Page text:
Ghasemi O.,University of Texas at San Antonio | Ghasemi O.,San Antonio Cardiovascular Proteomics Center | Ma Y.,San Antonio Cardiovascular Proteomics Center | Ma Y.,University of Mississippi Medical Center | And 5 more authors.
Wiley Interdisciplinary Reviews: Systems Biology and Medicine | Year: 2014

Inflammation and extracellular matrix (ECM) remodeling are important components regulating the response of the left ventricle to myocardial infarction (MI). Significant cellular- and molecular-level contributors can be identified by analyzing data acquired through high-throughput genomic and proteomic technologies that provide expression levels for thousands of genes and proteins. Large-scale data provide both temporal and spatial information that need to be analyzed and interpreted using systems biology approaches in order to integrate this information into dynamic models that predict and explain mechanisms of cardiac healing post-MI. In this review, we summarize the systems biology approaches needed to computationally simulate post-MI remodeling, including data acquisition, data analysis for biomarker classification and identification, data integration to build dynamic models, and data interpretation for biological functions. An example for applying a systems biology approach to ECM remodeling is presented as a reference illustration. © 2013 The Authors.

PubMed | Florida Atlantic University, University of Mississippi Medical Center, EMD Millipore, San Antonio Cardiovascular Proteomics Center and East Carolina University
Type: | Journal: Journal of molecular and cellular cardiology | Year: 2016

Matrix metalloproteinase-9 (MMP-9) is robustly elevated in the first week post-myocardial infarction (MI). Targeted deletion of the MMP-9 gene attenuates cardiac remodeling post-MI by reducing macrophage infiltration and collagen accumulation through increased apoptosis and reduced inflammation. In this study, we used a translational experimental design to determine whether selective MMP-9 inhibition early post-MI would be an effective therapeutic strategy in mice. We enrolled male C57BL/6J mice (3-6months old, n=116) for this study. Mice were subjected to coronary artery ligation. Saline or MMP-9 inhibitor (MMP-9i; 0.03g/day) treatment was initiated at 3h post-MI and the mice were sacrificed at day (D) 1 or 7 post-MI. MMP-9i reduced MMP-9 activity by 311% at D1 post-MI (p<0.05 vs saline) and did not affect survival or infarct area. Surprisingly, MMP-9i treatment increased infarct wall thinning and worsened cardiac function at D7 post-MI. While MMP-9i enhanced neutrophil infiltration at D1 and macrophage infiltration at D7 post-MI, CD36 levels were lower in MMP-9i compared to saline, signifying reduced phagocytic potential per macrophage. Escalation and prolongation of the inflammatory response at D7 post-MI in the MMP-9i group was evident by increased expression of 18 pro-inflammatory cytokines (all p<0.05). MMP-9i reduced cleaved caspase 3 levels at D7 post-MI, consistent with reduced apoptosis and defective inflammation resolution. Because MMP-9i effects on inflammatory cells were significantly different from previously observed MMP-9 null mechanisms, we evaluated pre-MI (baseline) systemic differences between C57BL/6J and MMP-9 null plasma. By mass spectrometry, 34 plasma proteins were significantly different between groups, revealing a previously unappreciated altered baseline environment pre-MI when MMP-9 was deleted. In conclusion, early MMP-9 inhibition delayed inflammation resolution and exacerbated cardiac dysfunction, highlighting the importance of using translational approaches in mice.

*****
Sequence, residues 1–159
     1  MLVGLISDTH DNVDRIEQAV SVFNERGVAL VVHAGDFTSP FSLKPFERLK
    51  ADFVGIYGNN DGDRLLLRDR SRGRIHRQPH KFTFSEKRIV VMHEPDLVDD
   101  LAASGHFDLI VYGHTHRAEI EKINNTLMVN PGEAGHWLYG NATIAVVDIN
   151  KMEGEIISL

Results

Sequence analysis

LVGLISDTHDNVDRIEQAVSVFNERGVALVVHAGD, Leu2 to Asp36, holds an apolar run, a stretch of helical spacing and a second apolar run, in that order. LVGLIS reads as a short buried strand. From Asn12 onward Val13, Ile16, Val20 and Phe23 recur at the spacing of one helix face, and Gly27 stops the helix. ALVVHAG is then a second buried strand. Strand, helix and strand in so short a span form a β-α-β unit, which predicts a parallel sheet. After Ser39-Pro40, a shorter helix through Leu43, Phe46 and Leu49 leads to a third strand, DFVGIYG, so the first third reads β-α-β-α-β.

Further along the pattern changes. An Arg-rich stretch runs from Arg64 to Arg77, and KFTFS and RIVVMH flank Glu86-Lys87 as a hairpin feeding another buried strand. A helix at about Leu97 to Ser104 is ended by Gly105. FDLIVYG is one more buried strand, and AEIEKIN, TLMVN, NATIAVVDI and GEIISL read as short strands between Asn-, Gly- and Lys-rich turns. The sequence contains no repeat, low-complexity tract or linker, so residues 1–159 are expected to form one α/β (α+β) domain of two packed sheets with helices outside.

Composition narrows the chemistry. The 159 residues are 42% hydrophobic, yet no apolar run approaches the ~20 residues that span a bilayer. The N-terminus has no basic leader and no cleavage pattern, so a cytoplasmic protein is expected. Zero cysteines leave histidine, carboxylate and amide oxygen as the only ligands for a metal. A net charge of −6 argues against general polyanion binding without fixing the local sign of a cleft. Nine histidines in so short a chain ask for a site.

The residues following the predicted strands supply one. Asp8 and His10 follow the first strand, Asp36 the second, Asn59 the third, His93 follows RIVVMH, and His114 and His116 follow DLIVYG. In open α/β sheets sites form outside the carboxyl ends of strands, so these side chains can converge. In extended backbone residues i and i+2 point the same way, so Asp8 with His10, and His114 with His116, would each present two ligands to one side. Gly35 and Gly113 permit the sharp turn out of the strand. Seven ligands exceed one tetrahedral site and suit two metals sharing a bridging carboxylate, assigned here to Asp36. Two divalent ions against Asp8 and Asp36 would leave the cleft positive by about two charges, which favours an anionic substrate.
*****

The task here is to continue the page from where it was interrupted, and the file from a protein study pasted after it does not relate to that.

PubMed | University of Washington and San Antonio Cardiovascular Proteomics Center
Type: Journal Article | Journal: Proteomics. Clinical applications | Year: 2016

Matrix metalloproteinases (MMPs) collectively degrade all extracellular matrix (ECM) proteins. Of the MMPs, MMP-9 has the strongest link to the development of cardiac dysfunction. Aging associates with increased MMP-9 expression in the left ventricle (LV) and reduced cardiac function. We investigated the effect of MMP-9 deletion on the cardiac ECM in aged animals.We used male and female middle-aged (10- to16-month old) and old (20- to 24-month old) wild-type (WT) and MMP-9 null mice (n = 6/genotype/age). LVs were decellularized to remove highly abundant mitochondrial proteins that could mask identification of relative lower abundant components, analyzed by shotgun proteomics, and proteins of interest validated by immunoblot.Elastin microfibril interface-located protein 1 (EMILIN-1) decreased with age in WT (p < 0.05), but not in MMP-9 null. EMILIN-1 promotes integrin-dependent cell adhesion and EMILIN-1 deficiency has been associated with vascular stiffening. Talin-2, a cytoskeletal protein, was elevated with age in WT (p < 0.05), and MMP-9 deficiency blunted this increase. Talin-2 is highly expressed in adult cardiac myocytes, transduces mechanical force to the ECM, and is activated by increases in substrate stiffness. Our results suggest that MMP-9 deletion may reduce age-related myocardial stiffness, which may explain improved cardiac function in MMP-9 null animals.We identified age-related changes in the cardiac proteome that are MMP-9 dependent, suggesting MMP-9 as a possible therapeutic target for the aging patient.